At issue is the expiring conditional waiver of waste discharge requirements, up for a five-year renewal March 17. In California, the waiver shapes policy on the runoff of pesticides, fertilizers and fumigants from irrigated farming.

The federation submitted its plan Dec. 3 to the Central Coast Regional Water Quality Control Board on behalf of the Ag Working Group. More than a dozen growers’ organizations from Santa Barbara to Santa Cruz form the group. Supporters include two grower-shipper associations and Western Growers.

Growers took steps to advance water quality under the prior waiver, the state’s draft order says, but stricter verification is needed. Agriculture, it says, is responsible for 78% of nitrate pollution in groundwater — water that finds its way into hundreds of drinking wells in the region.

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A good year for state water — so far

The agency that manages much of the state’s water supply will fill 25 percent of the amount requested by downstream agencies for 2011 — a big improvement over last-year’s lowest-ever allocation of five percent.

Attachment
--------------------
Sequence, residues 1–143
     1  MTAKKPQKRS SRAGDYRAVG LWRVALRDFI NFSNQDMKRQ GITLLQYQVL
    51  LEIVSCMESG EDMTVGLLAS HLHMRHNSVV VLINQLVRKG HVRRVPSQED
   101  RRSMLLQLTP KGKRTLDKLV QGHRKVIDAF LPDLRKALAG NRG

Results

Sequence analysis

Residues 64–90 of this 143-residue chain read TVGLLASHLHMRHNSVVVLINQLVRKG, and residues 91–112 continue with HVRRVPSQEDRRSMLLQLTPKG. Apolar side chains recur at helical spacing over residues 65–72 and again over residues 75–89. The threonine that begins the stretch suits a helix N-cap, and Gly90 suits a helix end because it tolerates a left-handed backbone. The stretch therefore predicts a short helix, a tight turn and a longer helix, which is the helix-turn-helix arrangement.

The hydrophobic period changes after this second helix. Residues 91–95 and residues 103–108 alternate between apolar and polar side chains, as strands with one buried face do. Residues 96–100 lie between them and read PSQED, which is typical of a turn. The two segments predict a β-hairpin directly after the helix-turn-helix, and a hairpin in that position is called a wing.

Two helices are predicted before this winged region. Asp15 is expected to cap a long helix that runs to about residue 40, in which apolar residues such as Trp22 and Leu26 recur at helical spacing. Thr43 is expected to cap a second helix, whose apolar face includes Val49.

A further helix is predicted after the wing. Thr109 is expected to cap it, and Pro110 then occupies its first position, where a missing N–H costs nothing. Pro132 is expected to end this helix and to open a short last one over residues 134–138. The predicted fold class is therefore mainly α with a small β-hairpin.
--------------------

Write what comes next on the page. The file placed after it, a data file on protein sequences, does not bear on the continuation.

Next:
The figure, likely to be revised upward through the year ahead, represents the state Department of Water Resources‘ “initial allocation” to the water agencies it serves.

“We’re off to a good start for this year,” the department’s director, Mark Cowin, told reporters in a conference call Monday. “Precipitation stands at 165 percent of average, primarily because of an extremely wet October.”

There is reason for caution, he said.

“We are experiencing strong La Niña conditions in California,” he said. “This could mean drier conditions later in the year.”

Still, it looks like a good year on for the State Water Project, which stores and delivers water and is an important source of supply for much of the state.

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California issues 25 percent water delivery forecast

California water officials on Monday announced a 25 percent delivery forecast for customers who depend on the State Water Project.

The projection is preliminary, and usually increases over the course of winter. It primarily concerns urban areas in the south San Francisco Bay Area and in the Los Angeles-San Diego metro areas, which depend on the State Water Project for a significant share of their supplies. It has no bearing on the Sacramento area, except as a general guide to statewide precipitation amounts.